The problem is especially compounded when the website uses a CMS of any type, because the content edits can happen even easier. This is a problem that needs to be solved at the CSS-level (and has been in CSS3 with border-radius) to eliminate the nested elements instead of creating dependencies on multiple other element types. So until CSS3 becomes standard and safe to use in 90&#37;+ browsers, I will continue to nest/wrap multiple DIVs, because above all else, I'm a pragmatist and a realist, and I know it's the only way I can guarantee it will always work for the client so I won't get those angry and unnecessary support calls.

  20. #20
    SitePoint Wizard silver trophybronze trophy
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    Quote Originally Posted by Czaries View Post
    I think the primary problem which leads to a bunch of nested/wrapped DIV elements is that once you hand over the website to the client and they edit your perfectly fragile h2-span-p dependencies, they lose the styling completely, and then call you to have it fixed and get mad at you because it broke in the first place.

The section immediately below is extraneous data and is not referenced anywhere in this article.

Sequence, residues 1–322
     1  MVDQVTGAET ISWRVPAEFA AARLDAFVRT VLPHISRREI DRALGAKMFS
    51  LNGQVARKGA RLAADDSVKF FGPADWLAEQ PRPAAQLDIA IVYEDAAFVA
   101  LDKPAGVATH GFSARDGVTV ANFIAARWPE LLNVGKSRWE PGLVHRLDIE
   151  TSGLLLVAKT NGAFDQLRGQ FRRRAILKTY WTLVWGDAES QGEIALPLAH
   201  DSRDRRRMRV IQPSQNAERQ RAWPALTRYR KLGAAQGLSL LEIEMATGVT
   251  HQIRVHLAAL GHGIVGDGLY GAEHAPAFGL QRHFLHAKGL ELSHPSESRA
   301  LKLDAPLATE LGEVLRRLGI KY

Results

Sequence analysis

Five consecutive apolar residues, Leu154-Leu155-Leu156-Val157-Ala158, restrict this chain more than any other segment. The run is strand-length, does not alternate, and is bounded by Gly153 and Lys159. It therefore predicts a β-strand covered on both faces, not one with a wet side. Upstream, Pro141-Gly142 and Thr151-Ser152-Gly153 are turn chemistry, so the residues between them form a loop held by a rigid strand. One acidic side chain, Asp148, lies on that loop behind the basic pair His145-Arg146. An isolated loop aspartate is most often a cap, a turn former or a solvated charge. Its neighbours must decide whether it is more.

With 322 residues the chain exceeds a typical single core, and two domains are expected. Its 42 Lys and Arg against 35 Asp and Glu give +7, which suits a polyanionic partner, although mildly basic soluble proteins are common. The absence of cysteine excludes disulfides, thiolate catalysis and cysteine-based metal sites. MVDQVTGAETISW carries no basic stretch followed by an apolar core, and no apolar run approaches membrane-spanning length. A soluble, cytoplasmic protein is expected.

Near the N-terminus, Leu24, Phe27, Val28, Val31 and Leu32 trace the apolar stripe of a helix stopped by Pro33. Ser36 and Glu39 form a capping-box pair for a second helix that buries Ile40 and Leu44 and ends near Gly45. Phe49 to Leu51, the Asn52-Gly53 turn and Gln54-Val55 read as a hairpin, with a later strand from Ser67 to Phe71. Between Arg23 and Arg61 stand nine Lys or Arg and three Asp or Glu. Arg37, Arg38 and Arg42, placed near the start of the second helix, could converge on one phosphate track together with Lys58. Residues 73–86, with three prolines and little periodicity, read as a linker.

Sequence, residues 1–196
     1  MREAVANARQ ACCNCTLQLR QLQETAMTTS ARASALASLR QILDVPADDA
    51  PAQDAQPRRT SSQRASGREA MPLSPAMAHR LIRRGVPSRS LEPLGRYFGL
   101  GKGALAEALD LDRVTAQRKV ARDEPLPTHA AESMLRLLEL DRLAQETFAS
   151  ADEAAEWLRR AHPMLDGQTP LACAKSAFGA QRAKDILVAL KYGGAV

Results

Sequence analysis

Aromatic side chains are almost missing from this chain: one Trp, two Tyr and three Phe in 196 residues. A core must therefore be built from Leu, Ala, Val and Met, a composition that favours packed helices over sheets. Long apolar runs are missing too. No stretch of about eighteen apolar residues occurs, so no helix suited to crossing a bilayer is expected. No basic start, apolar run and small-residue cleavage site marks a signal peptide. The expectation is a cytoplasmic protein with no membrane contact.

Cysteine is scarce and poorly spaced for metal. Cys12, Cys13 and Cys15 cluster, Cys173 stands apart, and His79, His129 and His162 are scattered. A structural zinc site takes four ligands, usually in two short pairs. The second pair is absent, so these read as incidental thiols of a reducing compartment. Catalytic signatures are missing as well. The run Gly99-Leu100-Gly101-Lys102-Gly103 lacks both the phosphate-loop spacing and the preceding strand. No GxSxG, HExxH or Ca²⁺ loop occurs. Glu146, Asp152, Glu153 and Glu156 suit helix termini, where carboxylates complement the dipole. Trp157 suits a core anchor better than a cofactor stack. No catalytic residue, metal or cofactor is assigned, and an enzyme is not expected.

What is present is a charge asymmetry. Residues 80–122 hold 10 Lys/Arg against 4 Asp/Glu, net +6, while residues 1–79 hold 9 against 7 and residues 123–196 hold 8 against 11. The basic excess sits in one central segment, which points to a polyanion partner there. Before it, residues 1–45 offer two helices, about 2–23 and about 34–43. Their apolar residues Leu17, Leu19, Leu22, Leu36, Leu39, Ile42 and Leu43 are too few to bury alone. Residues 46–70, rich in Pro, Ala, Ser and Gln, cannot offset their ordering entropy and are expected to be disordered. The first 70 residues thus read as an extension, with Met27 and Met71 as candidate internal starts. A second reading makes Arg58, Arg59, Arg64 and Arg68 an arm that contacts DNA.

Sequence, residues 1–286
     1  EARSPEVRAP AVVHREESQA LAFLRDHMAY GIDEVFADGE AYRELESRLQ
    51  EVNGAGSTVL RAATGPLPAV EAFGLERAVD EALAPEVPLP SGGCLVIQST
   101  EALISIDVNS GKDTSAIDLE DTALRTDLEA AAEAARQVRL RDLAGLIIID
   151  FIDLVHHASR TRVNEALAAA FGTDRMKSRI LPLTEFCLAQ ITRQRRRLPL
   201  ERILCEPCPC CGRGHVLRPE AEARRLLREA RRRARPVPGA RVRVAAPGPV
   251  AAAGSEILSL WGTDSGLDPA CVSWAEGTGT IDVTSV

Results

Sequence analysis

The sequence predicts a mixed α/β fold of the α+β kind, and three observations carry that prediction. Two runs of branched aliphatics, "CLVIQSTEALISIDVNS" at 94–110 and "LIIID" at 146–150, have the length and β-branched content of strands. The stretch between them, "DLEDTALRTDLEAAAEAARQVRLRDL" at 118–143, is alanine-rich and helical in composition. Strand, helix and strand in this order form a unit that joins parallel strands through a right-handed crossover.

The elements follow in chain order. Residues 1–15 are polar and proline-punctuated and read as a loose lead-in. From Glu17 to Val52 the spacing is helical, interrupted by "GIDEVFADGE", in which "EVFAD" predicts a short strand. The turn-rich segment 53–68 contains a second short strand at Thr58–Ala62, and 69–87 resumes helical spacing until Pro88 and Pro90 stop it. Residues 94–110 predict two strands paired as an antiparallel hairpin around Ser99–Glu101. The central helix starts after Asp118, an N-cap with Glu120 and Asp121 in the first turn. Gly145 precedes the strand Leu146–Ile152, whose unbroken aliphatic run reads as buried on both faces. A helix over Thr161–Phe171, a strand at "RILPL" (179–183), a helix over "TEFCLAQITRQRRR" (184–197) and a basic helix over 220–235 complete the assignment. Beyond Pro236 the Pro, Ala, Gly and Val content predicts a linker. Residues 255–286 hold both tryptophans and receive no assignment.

The problem is especially compounded when the website uses a CMS of any type, because the content edits can happen even easier. This is a problem that needs to be solved at the CSS-level (and has been in CSS3 with border-radius) to eliminate the nested elements instead of creating dependencies on multiple other element types. So until CSS3 becomes standard and safe to use in 90%+ browsers, I will continue to nest/wrap multiple DIVs, because above all else, I'm a pragmatist and a realist, and I know it's the only way I can guarantee it will always work for the client so I won't get those angry and unnecessary support calls.